The Johnson administration initially attempted to keep some attention on the question of Africa and the decolonization of Portuguese Africa, but U.S. covert intervention in Congo further weakened U.S. credibility among African nationalists. Equally, by working with Belgian and mercenary forces to crush the Simbas, the United States had shown what it perceived to be the limits of African development outside the U.S. supported "evolutionary" independence process. By 1965, Vietnam began to take the administration's focus away from Africa. Schneidman believes that U.S. decolonization policy was "a policy in search of direction" (p. 78). His descriptions of the battles between senior policymakers and regional specialists in the State Department echoes the repeated dogfights over decolonization among officials of the regional bureaus during the postwar period. Africanists within the State Department, led by Assistant Secretary of State G. Mennen Williams, found themselves outweighed by senior officials who were unwilling to overturn an alliance with Portugal to gain the support of the African continent. Schneidman highlights this conflict with a 1966 quote from Defense Secretary Robert McNamara, who stated that "the United States has no mandate on high to police the world and the inclination to do so. There have been classic cases in which our deliberate nonaction was the wisest action of all" (p. 90).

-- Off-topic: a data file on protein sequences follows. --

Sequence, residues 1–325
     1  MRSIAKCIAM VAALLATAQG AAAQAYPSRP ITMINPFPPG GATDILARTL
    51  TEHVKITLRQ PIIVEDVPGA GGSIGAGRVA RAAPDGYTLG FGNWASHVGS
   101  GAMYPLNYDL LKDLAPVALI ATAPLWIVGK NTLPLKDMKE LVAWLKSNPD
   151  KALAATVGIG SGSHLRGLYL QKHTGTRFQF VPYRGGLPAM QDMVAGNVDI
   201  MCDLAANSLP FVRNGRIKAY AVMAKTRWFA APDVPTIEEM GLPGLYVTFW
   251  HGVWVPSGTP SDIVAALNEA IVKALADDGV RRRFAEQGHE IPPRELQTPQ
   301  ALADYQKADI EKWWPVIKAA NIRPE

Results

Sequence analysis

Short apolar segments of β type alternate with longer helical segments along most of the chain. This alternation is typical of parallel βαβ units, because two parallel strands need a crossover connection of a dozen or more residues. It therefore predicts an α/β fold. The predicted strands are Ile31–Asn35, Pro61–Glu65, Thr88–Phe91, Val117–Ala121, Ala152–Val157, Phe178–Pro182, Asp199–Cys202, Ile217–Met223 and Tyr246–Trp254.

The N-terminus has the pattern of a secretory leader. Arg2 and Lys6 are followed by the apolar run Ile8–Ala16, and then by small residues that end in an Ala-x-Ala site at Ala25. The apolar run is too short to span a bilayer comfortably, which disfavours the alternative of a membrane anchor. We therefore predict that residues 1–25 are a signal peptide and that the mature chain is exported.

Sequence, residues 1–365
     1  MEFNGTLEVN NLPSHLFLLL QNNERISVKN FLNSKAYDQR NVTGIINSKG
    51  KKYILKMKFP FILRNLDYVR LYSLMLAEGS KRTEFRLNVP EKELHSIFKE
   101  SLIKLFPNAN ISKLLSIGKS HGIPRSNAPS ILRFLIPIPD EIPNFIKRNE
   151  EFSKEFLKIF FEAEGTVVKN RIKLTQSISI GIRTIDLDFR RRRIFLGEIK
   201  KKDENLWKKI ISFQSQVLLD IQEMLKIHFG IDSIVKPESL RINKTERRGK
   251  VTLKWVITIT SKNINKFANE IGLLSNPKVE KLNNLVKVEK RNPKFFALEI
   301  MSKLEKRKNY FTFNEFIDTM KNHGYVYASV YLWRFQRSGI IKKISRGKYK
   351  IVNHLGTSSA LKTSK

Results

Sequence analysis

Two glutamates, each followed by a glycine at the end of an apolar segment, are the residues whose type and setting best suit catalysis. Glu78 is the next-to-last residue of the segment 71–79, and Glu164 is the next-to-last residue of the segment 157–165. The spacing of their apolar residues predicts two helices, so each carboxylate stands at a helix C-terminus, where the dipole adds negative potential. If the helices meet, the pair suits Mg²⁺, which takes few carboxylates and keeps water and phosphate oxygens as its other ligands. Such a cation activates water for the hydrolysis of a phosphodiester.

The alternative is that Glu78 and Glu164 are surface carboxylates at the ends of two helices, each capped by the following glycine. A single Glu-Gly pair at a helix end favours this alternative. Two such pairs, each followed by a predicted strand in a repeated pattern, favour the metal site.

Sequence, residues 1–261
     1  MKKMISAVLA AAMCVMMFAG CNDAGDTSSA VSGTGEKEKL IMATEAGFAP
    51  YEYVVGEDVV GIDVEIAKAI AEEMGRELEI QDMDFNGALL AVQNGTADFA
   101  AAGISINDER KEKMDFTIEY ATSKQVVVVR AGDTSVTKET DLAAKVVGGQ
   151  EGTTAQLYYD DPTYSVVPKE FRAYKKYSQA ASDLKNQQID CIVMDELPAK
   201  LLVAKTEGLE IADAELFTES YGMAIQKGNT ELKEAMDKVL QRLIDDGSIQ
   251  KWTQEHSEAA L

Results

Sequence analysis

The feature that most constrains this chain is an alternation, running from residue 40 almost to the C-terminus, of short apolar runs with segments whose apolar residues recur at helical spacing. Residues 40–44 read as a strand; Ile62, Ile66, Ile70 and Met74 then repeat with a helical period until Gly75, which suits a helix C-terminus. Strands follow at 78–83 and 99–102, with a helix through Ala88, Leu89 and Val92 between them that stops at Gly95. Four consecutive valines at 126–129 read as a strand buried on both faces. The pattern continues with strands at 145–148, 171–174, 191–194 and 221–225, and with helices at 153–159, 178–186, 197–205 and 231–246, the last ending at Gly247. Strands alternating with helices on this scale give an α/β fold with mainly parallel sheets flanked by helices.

While accepting the ideas behind this deliberate inaction, President Johnson, Secretary of State Dean Rusk, and National Security Advisor Walt Rostow attempted to recapture the rhetorical platform of self-determination and decolonization by announcing "a Johnson doctrine for Africa" on May 26, 1966. Schneidman believes that the speech "was an eloquent, nonconfrontational testimony of American sensitivity toward self-determination in Africa" (p. 95). Like Kennedy before him, Johnson hoped to capture with rhetoric that which he refused to press in his policies towards Portugal: namely the perception of the United States as a leader of the movement for decolonization and self-determination. Having heard much of the rhetoric before, African nationalists across the continent and political spectrum met the speech with an increasing degree of skepticism. In the final years of the Johnson administration, even after the death of Salazar in 1968, the rhetoric failed to meet the reality of continued, if limited, United States support for Portugal.